Women in STEM, Visibility Matters

Malaysia's very own astrophysicist

According to data from the UN Scientific Education and Cultural Organization (UNESCO), fewer than 30% of researchers worldwide are women and only 30% of female students select STEM-related fields in higher education.

Nevertheless, history is full of women who made enormous contributions to the field of science, from Marie Curie’s research in radioactivity and Rosalind Franklin’s work in discovering DNA, to Malaysia’s first astrophysicist, Emerita Professor Tan Sri Dr Mazlan Othman who pioneered the country’s participation in space exploration.

To increase the involvement of young girls and women in science, technology, engineering and mathematics, otherwise known as, STEM, Associate Professor Institute for Research in Molecular Medicine, Universiti Sains Malaysia, Dr Oon Chern Ein conveyed the importance of having female role models to look up to.

“When women in the field face challenges, we tend to look for role models who have gone through similar situations and get their advice so that we get inspired to move forward in our careers”, said Dr. Oon who has received numerous awards for her work on molecular targeted therapy in cancer, including the prestigious L’Oreal-UNESCO For Women in Science National Fellowship in 2015.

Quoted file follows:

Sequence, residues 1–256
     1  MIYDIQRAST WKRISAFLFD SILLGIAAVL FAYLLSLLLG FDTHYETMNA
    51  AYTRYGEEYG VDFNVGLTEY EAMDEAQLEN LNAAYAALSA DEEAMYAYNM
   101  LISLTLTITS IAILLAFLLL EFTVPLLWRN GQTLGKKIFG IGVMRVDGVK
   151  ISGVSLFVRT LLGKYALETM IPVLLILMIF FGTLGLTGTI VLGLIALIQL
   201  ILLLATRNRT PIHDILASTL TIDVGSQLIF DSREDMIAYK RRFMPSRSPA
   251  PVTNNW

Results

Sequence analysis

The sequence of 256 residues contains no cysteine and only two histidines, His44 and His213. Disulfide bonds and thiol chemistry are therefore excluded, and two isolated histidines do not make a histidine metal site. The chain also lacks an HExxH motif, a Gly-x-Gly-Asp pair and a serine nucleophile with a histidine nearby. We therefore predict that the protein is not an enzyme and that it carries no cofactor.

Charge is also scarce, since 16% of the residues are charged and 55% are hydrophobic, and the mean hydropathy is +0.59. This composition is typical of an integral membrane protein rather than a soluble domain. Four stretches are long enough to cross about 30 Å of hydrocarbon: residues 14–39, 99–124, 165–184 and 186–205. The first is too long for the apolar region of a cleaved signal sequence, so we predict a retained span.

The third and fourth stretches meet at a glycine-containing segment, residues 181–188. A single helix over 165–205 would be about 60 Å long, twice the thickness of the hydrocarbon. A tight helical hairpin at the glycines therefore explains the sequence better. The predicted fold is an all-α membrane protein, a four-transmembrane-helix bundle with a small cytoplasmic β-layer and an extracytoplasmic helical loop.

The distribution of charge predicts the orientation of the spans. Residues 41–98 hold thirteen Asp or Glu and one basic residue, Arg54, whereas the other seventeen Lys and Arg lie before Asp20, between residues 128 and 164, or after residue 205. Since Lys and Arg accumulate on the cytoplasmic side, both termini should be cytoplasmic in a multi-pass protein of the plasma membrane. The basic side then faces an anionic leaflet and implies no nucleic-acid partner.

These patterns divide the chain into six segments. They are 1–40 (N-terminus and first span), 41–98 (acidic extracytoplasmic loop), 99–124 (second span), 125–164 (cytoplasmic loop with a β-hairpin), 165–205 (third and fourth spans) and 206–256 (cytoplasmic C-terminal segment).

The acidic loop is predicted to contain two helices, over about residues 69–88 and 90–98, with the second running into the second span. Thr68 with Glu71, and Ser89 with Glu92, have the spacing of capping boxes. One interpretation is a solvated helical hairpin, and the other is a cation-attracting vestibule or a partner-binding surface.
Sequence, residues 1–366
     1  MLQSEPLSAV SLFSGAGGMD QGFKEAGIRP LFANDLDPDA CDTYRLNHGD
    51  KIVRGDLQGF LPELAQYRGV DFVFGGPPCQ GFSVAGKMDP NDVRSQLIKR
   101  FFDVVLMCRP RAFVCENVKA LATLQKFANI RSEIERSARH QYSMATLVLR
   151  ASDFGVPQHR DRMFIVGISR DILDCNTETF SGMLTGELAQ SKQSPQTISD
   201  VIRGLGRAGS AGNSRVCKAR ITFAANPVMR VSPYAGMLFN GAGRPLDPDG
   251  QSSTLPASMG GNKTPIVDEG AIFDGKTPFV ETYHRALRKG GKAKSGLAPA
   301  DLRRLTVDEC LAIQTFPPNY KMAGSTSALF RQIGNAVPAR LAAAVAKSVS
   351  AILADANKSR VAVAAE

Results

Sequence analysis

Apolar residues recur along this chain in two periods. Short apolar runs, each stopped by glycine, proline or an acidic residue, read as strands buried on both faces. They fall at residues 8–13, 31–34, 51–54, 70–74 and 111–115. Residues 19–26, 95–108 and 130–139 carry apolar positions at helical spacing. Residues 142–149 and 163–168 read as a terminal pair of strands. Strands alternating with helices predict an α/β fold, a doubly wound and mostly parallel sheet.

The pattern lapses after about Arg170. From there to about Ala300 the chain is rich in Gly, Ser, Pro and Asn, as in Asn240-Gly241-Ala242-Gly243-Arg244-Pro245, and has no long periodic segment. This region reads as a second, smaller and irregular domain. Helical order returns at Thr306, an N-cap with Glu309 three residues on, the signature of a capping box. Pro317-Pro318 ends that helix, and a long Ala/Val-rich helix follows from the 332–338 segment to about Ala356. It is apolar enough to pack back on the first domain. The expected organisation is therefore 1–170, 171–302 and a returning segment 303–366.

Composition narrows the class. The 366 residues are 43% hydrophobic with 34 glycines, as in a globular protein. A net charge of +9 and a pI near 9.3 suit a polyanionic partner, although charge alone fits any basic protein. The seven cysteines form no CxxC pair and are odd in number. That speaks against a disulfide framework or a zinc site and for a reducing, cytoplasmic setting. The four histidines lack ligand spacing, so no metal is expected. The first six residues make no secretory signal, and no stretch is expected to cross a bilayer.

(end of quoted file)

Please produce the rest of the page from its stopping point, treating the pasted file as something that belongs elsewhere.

The webinar which featured women role models in STEM to highlight career opportunities from STEM education, an one-hour live session was moderated by Tan Su Lin, co-founder of SMC Malaysia, and was jointly organised by the British Council, Science Media Centre (SMC) Malaysia and The Petri Dish.

It was also held to launch the British Council Scholarships for Women in STEM to study a master’s degree, or an early academic fellowship, in a science, technology, engineering or mathematics programme at a leading UK university.

Debbie Ann Loh, the current STEM scholar, states that when young women enter STEM, they become symbols of empowerment to the upcoming generation.

A total of 15 scholars including four from Malaysia travelled to the UK to pursue their master’s degrees in STEM subjects as part of the first Scholarships for Women in STEM cohort in 2021.

This year, for the second year running, there will be double the number of scholarships on offer in South East Asia. A total of 29 scholarships from six UK universities are available for aspiring scholars from Cambodia, Indonesia, Laos, Malaysia, Myanmar, Philippines, Thailand and Vietnam.

Awardees will have access to economic support, including tuition fees, stipends, travel costs, visas, health coverage fees and special support for mothers.

To learn more information on the Women in STEM scholarships programme, please visit: https://www.britishcouncil.org/study-work-abroad/in-uk/scholarship-women-stem

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